# isomorphic groups

Two groups $(X_{1},\,*_{1})$ and $(X_{2},\,*_{2})$ are said to be if there is a group isomorphism $\psi\colon X_{1}\to X_{2}$.

1. 1.

If two groups are isomorphic, then they have the same cardinality. Indeed, an isomorphism is in particular a bijection of sets.

2. 2.

If the group $X_{1}$ has an element $g$ of order $n$, then the group $X_{2}$ must have an element of the same order. If there is an isomorphism $\psi$ then $\psi(g)\in X_{2}$ and $(\psi(g))^{n}=\psi(g^{n})=\psi(e_{1})=e_{2}$ where $e_{i}$ is the identity elements  of $X_{i}$. Moreover, if $(\psi(g))^{m}=e_{2}$ then $\psi(g^{m})=e_{2}$ and by the injectivity of $\psi$ we must have $g^{m}=e_{1}$ so $n$ divides $m$. Therefore the order of $\psi(g)$ is $n$.

3. 3.

If one group is cyclic, the other one must be cyclic too. Suppose $X_{1}$ is cyclic generated by an element $g$. Then it is easy to see that $X_{2}$ is generated by the element $\psi(g)$. Also if $X_{1}$ is finitely generated    , then $X_{2}$ is finitely generated as well.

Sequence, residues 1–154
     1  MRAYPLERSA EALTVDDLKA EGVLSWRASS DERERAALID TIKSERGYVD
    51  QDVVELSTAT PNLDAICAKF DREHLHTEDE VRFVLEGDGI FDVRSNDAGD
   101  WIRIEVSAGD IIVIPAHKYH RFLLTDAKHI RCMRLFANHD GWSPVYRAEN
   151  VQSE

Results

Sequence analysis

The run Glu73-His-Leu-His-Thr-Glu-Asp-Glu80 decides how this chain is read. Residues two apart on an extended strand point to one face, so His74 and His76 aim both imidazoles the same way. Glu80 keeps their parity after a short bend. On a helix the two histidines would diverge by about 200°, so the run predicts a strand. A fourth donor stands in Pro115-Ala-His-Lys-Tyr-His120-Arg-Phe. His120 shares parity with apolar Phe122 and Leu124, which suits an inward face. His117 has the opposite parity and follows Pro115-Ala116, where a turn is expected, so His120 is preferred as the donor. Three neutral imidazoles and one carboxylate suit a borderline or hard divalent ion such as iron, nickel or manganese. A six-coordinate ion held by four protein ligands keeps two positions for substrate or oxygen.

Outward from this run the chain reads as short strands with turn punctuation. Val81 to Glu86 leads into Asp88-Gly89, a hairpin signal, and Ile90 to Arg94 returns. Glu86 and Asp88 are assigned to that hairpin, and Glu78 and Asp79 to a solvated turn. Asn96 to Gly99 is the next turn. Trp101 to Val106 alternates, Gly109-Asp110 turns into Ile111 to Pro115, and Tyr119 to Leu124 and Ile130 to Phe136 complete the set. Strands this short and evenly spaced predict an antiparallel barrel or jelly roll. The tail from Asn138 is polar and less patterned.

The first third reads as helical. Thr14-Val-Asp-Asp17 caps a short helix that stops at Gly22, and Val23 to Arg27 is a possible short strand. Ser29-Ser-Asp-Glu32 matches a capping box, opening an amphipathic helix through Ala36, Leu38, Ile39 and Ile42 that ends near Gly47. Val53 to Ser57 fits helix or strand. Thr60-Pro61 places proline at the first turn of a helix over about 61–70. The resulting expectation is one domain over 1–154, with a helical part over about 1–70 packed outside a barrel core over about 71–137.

4. 4.

If one group is abelian  , the other one must be abelian as well. Indeed, suppose $X_{2}$ is abelian. Then

 $\psi(g*_{1}h)=\psi(g)*_{2}\psi(h)=\psi(h)*_{2}\psi(g)=\psi(h*_{1}g)$

and using the injectivity of $\psi$ we conclude  $g*_{1}h=h*_{1}g$.

Note.Isomorphic groups  are sometimes said to be abstractly identical, because their “abstract” are completely similar — one may think that their elements are the same but have only different names.

Title isomorphic groups IsomorphicGroups 2013-03-22 14:01:58 2013-03-22 14:01:58 alozano (2414) alozano (2414) 10 alozano (2414) Definition msc 20A05 isomorphic abstractly identical